A curious warning is given to us in Peter's first epistle. There he tells us to be ready to give the reason for the hope that lies within us to everyone who asks (3:15). Now, what's strange about that passage is this: no one ever asks. When was the last time someone stopped you to inquire about the reason for the hope that lies within you? You're at the market, say, in the frozen food section. A friend you haven't seen for some time comes up to you, grasps you by both shoulders and pleads, "Please, you've got to tell me. Be honest now. How can you live with such hope? Where does it come from? I must know the reason." In talking with hundreds of Christians, I've met only one or two who have experienced something like this.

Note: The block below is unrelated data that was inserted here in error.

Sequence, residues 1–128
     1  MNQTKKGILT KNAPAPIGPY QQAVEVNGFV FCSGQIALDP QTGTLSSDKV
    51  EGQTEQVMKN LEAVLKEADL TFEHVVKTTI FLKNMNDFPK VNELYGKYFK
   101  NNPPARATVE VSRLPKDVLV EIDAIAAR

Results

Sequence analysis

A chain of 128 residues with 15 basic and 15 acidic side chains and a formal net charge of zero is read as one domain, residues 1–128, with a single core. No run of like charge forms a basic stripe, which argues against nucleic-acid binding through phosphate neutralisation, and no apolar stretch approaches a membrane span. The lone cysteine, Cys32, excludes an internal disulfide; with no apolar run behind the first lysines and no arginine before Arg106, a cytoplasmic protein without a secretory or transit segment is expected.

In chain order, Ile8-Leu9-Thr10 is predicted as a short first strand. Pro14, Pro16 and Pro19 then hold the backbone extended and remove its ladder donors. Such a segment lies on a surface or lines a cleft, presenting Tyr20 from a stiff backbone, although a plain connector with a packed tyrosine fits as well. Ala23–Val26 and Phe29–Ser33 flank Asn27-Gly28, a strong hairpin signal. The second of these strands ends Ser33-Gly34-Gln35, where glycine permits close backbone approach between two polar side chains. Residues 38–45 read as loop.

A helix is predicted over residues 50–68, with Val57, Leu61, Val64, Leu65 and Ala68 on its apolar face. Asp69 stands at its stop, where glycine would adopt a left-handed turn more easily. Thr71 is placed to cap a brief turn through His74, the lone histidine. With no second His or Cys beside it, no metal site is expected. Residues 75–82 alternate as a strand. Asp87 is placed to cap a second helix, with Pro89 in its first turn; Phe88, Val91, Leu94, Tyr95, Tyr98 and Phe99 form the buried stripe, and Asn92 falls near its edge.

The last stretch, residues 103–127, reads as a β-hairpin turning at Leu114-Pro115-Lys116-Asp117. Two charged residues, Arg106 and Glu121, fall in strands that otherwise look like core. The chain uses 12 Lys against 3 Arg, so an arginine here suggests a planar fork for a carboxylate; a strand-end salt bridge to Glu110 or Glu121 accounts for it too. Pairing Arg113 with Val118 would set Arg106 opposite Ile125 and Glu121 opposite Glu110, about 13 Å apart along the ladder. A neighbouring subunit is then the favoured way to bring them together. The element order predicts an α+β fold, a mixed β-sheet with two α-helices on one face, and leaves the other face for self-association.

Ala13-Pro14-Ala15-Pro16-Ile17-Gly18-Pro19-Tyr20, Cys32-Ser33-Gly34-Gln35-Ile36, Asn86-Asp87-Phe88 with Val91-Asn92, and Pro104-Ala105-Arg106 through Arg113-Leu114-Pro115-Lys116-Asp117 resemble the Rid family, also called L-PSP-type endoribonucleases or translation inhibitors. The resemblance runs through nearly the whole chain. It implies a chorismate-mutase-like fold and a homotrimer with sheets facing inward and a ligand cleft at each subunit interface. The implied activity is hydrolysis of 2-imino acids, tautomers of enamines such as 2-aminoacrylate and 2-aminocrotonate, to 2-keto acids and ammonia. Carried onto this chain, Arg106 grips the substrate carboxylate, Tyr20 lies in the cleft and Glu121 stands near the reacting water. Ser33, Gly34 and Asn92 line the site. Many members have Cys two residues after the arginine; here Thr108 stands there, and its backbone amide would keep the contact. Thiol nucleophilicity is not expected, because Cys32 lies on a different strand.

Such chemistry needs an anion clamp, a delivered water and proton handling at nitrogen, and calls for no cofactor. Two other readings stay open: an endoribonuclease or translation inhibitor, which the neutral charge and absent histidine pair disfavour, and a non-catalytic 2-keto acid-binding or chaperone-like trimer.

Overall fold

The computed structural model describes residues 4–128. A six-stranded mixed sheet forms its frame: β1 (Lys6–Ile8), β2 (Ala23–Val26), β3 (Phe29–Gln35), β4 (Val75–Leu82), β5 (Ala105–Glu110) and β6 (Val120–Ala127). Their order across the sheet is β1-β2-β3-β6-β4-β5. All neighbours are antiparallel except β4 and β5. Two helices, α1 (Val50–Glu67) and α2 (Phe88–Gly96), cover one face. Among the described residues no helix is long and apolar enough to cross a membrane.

Yet God tells us to be ready, so what's wrong? To be blunt, nothing about our lives is worth asking about. There's nothing intriguing about our hopes, nothing to make anyone curious. Not that we don't have hopes; we do. We hope we'll have enough after taxes this year to take a summer vacation. We hope our kids don't wreck the car. We hope our favorite team goes to the World Series. We hope our health doesn't give out, and so on. Nothing wrong with any of those hopes; nothing unusual, either. Everyone has hopes like that, so why bother asking us? It's life as usual. Sanctified resignation has become the new abiding place of contemporary Christians. No wonder nobody asks. Do you want the life of any Christian you know?